Coronadiaries With Saddiq Dzukogi

Ayamba: How are you quarantining? In what ways has your daily routine changed?
Saddiq Dzukogi: We have been at it for weeks now. I have exhausted a lot of the movies on Netflix. Now I am not only watching American movies and Nigerian movies, I am also watching films from Bahrain, Turkey. I am surprised at the level of human creativity worldwide. I am happy that there is brilliance lurking everywhere especially in places isolated from our gaze.
My daily routine hasn’t changed a whole lot— my body is just learning to make do in the reduced spaces it now must contend with— I am with my two human-teddies and a lovely wife. I am cooking more and loving more. Everyday, I try to reach out and connect to people, and seeing the light in doing so. I am reading poems and writing poems I do not understand because, what if there isn’t that leisure of time. We are more the same than we have ever acknowledged, and this virus is forcing us to do so in the most gruesome way.
How about you? How are you coping? I hear it is crazy over there— not that it should be a consolation, but it is also crazy over here.
Ayamba: I have always been a home buddy, so it is not so hard for me. Except that I miss my sister and friends. When I was away at school, I missed my sister a lot and it hurt, but now that I’m back in the same city as her and still can’t go and see her because we both can’t go out, it is on another level entirely.
But also, it is opening my eyes to a lot of things; I am learning to see in new ways, to pay attention to my immediate version of the world. But most importantly, to pay attention to myself. I cut my hair and found that I liked it even though, I now look like a boy. I’m also studying a bunch of boring law books. I am loving, too.
Also, there seems to be this notion that this is the most convenient time for writers to write. Is this true for you? Have you been writing more in these strange times?
Saddiq: Hahaha: People love to fantasize about having time and how it’s an opportunity to produce— if a writer is moved to write, that’s great. But we are faced with a lack of time and not an abundance of it— we are faced with a virus that eats away a person within days— for example, for some reason Farid thinks my computer is his toy— he is actively fighting me for it. Rayhan wants me to read him stories endlessly. It’s like they are all making me pay for all the times that I wasn’t home with them. I write but I write as it comes and I do not pressure myself into writing because, now I have an illusive time. People need to breathe, the whole world is gasping for air and different people with different ways of finding calm. This whole period is an experience that ultimately will trigger great art, today, tomorrow or even years from now. It doesn’t matter when we write, paint, or sing about it, what matters is that we write, and paint or sing about it, when our body and mind find the ease and clarity to do so.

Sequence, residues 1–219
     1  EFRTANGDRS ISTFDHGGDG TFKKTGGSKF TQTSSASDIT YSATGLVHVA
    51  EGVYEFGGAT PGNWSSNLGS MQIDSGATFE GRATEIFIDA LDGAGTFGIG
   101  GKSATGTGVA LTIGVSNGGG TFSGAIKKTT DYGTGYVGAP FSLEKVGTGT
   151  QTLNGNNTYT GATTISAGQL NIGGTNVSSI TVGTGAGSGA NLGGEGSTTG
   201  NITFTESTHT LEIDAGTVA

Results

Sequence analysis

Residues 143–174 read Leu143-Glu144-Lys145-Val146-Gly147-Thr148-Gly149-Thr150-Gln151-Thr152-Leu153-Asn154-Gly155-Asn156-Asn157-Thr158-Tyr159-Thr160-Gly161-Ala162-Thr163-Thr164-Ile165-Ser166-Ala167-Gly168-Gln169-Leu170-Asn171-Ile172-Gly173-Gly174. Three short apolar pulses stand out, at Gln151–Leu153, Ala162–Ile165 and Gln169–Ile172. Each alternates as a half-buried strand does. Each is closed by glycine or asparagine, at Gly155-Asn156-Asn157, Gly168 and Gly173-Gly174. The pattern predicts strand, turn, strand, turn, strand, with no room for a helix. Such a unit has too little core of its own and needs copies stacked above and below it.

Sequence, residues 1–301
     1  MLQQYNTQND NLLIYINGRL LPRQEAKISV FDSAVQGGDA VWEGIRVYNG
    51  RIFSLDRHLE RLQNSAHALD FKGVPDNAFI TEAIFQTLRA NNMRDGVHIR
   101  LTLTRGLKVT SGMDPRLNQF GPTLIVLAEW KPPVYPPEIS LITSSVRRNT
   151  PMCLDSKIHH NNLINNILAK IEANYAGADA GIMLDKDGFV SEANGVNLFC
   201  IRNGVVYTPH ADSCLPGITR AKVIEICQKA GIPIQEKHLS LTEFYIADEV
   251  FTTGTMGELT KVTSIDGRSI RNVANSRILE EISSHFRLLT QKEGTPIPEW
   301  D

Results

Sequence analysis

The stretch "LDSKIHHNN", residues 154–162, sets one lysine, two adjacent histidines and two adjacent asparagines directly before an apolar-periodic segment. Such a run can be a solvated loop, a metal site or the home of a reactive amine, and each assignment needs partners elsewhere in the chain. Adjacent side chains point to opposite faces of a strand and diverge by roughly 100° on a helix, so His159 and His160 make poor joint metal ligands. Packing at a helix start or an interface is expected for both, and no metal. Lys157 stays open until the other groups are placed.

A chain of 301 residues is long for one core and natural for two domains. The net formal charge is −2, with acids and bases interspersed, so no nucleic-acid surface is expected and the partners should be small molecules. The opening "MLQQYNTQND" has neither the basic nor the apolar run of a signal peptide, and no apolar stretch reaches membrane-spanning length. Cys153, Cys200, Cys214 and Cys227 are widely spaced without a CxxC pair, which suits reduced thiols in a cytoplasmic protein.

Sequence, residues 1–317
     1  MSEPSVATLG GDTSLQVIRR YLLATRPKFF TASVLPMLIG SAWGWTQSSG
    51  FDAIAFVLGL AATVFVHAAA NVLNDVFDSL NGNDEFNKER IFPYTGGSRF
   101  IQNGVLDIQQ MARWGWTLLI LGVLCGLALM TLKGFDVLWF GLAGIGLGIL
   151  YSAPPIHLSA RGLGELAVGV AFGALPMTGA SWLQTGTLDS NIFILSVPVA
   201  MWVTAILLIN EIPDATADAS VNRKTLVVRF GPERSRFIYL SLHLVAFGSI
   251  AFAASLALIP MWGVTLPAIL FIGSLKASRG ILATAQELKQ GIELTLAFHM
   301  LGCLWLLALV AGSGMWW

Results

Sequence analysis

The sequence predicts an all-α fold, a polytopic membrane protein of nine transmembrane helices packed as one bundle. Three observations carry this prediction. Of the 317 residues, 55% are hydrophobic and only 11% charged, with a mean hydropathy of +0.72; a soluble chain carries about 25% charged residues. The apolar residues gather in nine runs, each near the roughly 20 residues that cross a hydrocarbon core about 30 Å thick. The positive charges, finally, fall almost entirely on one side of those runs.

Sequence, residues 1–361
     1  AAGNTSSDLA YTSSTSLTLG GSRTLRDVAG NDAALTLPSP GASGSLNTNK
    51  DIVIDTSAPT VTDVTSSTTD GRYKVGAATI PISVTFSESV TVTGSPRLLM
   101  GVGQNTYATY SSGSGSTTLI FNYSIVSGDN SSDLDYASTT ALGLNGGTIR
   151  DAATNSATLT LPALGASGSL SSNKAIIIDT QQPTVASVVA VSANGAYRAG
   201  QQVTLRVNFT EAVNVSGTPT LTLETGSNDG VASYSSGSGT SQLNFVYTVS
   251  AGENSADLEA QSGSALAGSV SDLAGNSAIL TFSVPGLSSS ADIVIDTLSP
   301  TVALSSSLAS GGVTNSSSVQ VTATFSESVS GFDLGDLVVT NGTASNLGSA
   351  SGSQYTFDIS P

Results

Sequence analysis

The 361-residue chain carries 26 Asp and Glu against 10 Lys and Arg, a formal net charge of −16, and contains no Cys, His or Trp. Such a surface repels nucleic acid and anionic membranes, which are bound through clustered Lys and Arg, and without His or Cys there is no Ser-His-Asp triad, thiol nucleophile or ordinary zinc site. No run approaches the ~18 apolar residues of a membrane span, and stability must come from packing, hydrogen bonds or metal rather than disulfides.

This virus is changing even the notion of distance, distance is no longer the length of expanse of space between us, it is now the proximity— two bodies six feet apart without the privilege of touch. I hear you about your sister and the form of connection that we are collectively adapting to. I like that your eyes are now more open to space and the self that occupies the space— I am also glad that your new appearance— short hair— is a source of joy at this time; the human body is also a canvas for art. You definitely can make art with your body.
Ayamba: Thank you. I feel so seen.
I agree with you. I think that art takes time, and there is so much that is fused in these times that we are faced with. The human body seems, at this time, to be forced into being a cite of so many kinds of griefs and anxieties. Most of which do not even belong to us — but then, that is the curse of being human; to feel even outside of our realities. You read the news and you find that the figure of people affected by the virus has surged and you are immediately downcast. Or you hear of someone who has died from it. Your friend coughs and your thoughts start spiraling out of control. Your body is forced to take in these griefs.
To be expected to create art in the middle of these crises is a burden that shouldn’t exist. Some people can. Some people cannot. To be a writer is to pay attention to the world. Susan Sontag (I think) once said. But to be a writer, you have to be human first. That gets in the way of a lot of things; is a limitation.
Are you currently looking to tick some books off your to-read list during this time? Which books are they?
Saddiq: You’ve said it succinctly. Let’s survive. Making art is one way, not making art is another way—
At this point it feels like I haven’t read any of the books on my book shelves. It’s ironic that I have been carrying Ada Limon’s The Carrying for a good one year without reading it despite always being with me in my bag— I am reading that and also, Natalie Diaz’s Post Colonial Love Poem which is by the way a stunning book. I am also reading Major Jackson’s The Absurd Man— also reading so much news right now.
Ayamba: The Carrying is a work of wonder. 10/10 I recommend.
Thank you so much for sharing your CoronaDiaries with us.
Saddiq: Cheers.

Poet, Saddiq Dzukogi, shares with Hauwa Shaffii Nuhu, how time passes for him in the time of Coronavirus.
Saddiq Dzukogi is the author of Inside the Flower Room. His recent poems have appeared or are forthcoming in Kenyon Review, Poetry Society of America, Gulf Coast, African American Review, Crab Orchard Review, Prairie Schooner, and Verse Daily.

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